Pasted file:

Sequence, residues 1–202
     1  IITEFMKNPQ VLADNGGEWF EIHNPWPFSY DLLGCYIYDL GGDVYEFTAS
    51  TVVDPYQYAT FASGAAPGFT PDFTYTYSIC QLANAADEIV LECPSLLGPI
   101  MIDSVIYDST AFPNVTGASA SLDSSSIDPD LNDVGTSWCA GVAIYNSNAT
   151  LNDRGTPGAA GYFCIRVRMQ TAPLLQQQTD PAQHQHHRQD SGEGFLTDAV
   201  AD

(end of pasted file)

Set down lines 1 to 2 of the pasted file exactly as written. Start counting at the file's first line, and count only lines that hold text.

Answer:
Sequence, residues 1–202
     1  IITEFMKNPQ VLADNGGEWF EIHNPWPFSY DLLGCYIYDL GGDVYEFTAS